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Enforcers Make It Easy to Report Cartels

Gregory P Hansel

Enforcers Make It Easy to Report Cartels
yoh4nn via Getty Images

Did you know that global competition enforcers have easy-to-find websites to encourage reporting of anticompetitive conduct? Not only that, but they are models of brevity in a field plagued by byzantine complexity. Here are some examples:

Take the EC’s webpage. In just two printed pages, the EC offers multiple convenient channels for reporting (for all levels of computer literacy—email, telephone, mail, fax), outlines when to report to EU member state national competition authorities (with links) versus the EC, says that claims for compensation (with helpful legal presumptions) can be made by direct and indirect purchasers within five years, explains joint and several liability, and even touches on merger control and prohibited state aid that distorts competition. All this in plain English (or your choice of a wide selection of European languages). And finally, the carrot—the webpage exclaims “the first company to submit evidence of a cartel may receive total immunity from fines!” and includes a link to the leniency page (emphasis in original).

The UK’s page is the glossiest, with the bold tagline “CHEATING OR COMPETING? It’s your business to know the difference” superimposed over a darkened barroom scene showing two huddled men presumably discussing something forbidden. A reporting link, explanations of the law, and even a quiz follow on the page.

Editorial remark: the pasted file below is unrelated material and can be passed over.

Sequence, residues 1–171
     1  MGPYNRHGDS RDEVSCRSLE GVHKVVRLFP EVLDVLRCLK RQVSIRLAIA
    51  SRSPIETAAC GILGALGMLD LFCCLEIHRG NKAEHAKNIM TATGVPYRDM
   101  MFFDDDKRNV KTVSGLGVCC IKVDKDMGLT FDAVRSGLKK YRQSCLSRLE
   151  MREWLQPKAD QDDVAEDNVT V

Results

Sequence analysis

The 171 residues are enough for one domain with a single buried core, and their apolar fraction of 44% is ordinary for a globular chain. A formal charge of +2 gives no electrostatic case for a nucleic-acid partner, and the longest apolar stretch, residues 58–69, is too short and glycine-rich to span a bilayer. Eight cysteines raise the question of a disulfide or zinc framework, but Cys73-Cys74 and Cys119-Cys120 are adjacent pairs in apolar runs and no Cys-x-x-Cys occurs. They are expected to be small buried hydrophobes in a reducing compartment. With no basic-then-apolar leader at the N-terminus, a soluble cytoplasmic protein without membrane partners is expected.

Across the pond, and not to be outdone in the brevity department, DOJ has two concise webpages—one geared for citizens and one for leniency applicants. The citizen webpage is welcoming—“Information from the public is vital to the work of the Antitrust Division. Your e-mails, letters, and phone calls could be our first alert to a possible violation of antitrust laws and may provide the initial evidence needed to begin an investigation.” The leniency webpage is sober, seems geared for lawyers, and is chock full of helpful links to technical documents like model leniency letters so prospective leniency applicants and their lawyers know what to expect when they are reporting.

What does this have to do with private litigation?, you ask. Well, it is at least rumored that most private litigation is inspired by government investigations and most government investigations are triggered by a cartelist coming in from the cold.

Keep those cards and letters coming!

Sponsored by the Antitrust Law Section's Global Private Litigation Committee.